Transform an Outdated Table Into a Farmhouse Pedestal Coffee Table!

9 Materials
3 Hours

The second I saw this table at a thrift store, I just knew it was the farmhouse coffee table I'd been searching for! The size, shape, and scale was perfect for my living room. The only thing off was the height and wood color.... which I knew would be an easy fix! And... it was only $30!

So, we loaded this puppy up and took her home with us!

First we just tried it out in our living room. Obviously it was too high, but we wanted to get a feel for what would comfortably work in our space. The normal height for your average coffee table is 16-18 inches from the ground.

You also want the top of the table to be at least an inch or so lower than the height of your couch, which makes sense.

We just kind of played around with what felt comfortable to us, really. You know, by sitting on the couch and trying to envision what height would be comfortable for our feet to rest on.

We finally decided on a height around 17.5 inches and our table measured as is stands around 24 inches tall. So we had around 7 excess inches to remove.

The struggle with this table was trying to figure out where to remove the extra height. We wanted to do it in a subtle way where you would never had known this table wasn’t always meant to be a coffee table, meaning you didn’t first glance at it and think, “That looks weird!” 

So once we knew how tall it needed to be, Jeremy went and retrieved his supplies. He first unscrewed the tabletop from the base. Then he removed the legs. We chose the part of the base that had the most “bulk” to take the extra height off.

Next, it was time to chalk paint the base. I normally like to use Annie Sloan chalk paint but didn't have any on hand. So this was just some stuff I had picked up at JoAnn's in the color Adirondack White.

Looks kind of scary going on at first! Keep going! I did about 4 coats.

Now it's time to stain! I used a new product called Fusion Stain and Finishing Oil in Cappuccino! And I'm in love with the results.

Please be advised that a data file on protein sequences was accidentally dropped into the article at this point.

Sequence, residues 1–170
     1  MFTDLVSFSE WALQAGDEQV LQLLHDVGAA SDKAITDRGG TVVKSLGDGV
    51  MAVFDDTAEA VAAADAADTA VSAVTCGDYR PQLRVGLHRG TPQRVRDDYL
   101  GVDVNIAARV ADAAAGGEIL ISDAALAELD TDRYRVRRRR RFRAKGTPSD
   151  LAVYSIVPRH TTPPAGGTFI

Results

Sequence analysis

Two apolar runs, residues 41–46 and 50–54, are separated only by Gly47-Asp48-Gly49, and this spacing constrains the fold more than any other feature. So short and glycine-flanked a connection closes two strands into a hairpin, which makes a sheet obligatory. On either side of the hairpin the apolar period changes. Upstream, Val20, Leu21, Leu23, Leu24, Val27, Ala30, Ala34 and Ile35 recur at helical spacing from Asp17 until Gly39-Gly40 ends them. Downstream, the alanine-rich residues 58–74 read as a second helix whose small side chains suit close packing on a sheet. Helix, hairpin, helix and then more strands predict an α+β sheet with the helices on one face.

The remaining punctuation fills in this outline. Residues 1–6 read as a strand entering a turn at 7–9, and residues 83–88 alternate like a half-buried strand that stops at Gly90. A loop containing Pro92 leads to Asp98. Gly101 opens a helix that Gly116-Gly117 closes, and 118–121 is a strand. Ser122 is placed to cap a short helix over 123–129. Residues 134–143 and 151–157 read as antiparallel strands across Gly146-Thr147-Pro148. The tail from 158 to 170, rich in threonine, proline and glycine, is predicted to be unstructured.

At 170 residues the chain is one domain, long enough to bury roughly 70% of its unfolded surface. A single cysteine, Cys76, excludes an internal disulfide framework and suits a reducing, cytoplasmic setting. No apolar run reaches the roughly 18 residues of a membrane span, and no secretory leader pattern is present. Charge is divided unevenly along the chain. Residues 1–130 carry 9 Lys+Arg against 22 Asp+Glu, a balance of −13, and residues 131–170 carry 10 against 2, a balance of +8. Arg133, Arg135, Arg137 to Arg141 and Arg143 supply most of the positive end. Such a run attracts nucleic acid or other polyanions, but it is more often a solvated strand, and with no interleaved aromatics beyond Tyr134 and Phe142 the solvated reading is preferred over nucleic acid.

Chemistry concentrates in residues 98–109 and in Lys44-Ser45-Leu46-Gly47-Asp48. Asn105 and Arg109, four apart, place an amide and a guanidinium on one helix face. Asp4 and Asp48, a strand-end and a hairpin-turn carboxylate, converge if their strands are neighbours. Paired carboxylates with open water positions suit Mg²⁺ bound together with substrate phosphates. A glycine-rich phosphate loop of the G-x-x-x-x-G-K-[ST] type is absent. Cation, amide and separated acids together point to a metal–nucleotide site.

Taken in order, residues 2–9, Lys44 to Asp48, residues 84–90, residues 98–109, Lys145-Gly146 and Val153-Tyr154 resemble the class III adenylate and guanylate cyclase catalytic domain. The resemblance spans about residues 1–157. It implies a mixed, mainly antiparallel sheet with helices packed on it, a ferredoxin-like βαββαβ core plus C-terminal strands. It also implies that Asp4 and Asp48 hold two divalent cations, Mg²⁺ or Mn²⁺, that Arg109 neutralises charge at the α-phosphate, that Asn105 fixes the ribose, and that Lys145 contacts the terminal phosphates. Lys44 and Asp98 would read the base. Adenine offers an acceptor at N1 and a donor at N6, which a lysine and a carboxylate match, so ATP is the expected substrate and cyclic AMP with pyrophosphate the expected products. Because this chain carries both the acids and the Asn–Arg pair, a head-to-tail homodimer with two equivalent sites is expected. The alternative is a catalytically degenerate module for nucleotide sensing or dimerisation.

To use, just apply like normal stain. I dipped a small foam brush in the stain, then applied a thin coat over top. I let it sit for 10 minutes per instructions on the can, then wiped the excess off with an old rag.

And here's the finished product! I love how it turned out. Since the only thing we had to buy was the table and stain (which I've used for multiple other projects as well), we've got a brand new to us coffee table for ~ $60!

I love how well the stain gets absorbed into the wood. And the exposed wood grain gives it that rustic, weathered look that I was after.

So what are you waiting for? Go try it!! If I can do it, anyone can!

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Life on Lake Street

Want more details about this and other DIY projects? Check out my blog post!


Have a question about this project?

3 questions
  • Martha
    on Jul 31, 2019

    How did you reattach the table top to the now cut down pedestal?

    • Life on Lake Street
      on Aug 4, 2019

      There was a square of plywood on the underside of the table that was screwed into the tabletop and into the pedestal base. We just reattached that when we were finished. Make sure to save all the screws so you’ll have ones the correct depth. Hope this helps!

  • Louise
    on Jul 31, 2019

    Hi Lauren😊 Where did you get your BEA😍TIFUL silver grey sectional? Its just the colour & material I'm looking for😀

    • Louise
      on Aug 5, 2019

      Thank you SO MUCH😊 Definitely going to check out in store.

  • Sharon
    7 days ago

    How did you cut the pedestal down to size?

Join the conversation

2 of 32 comments
  • Satchel
    on Aug 22, 2019

    We created a similar table...only we just cut down our own table...not quite as exciting but super easy as Lauren described. Hardest part was making sure the cut was level.

  • Bek
    8 days ago

    You know how sometimes you save something here, and then looking back, you wonder why? This is the second time I've seen this one, and I like it even better this time around!

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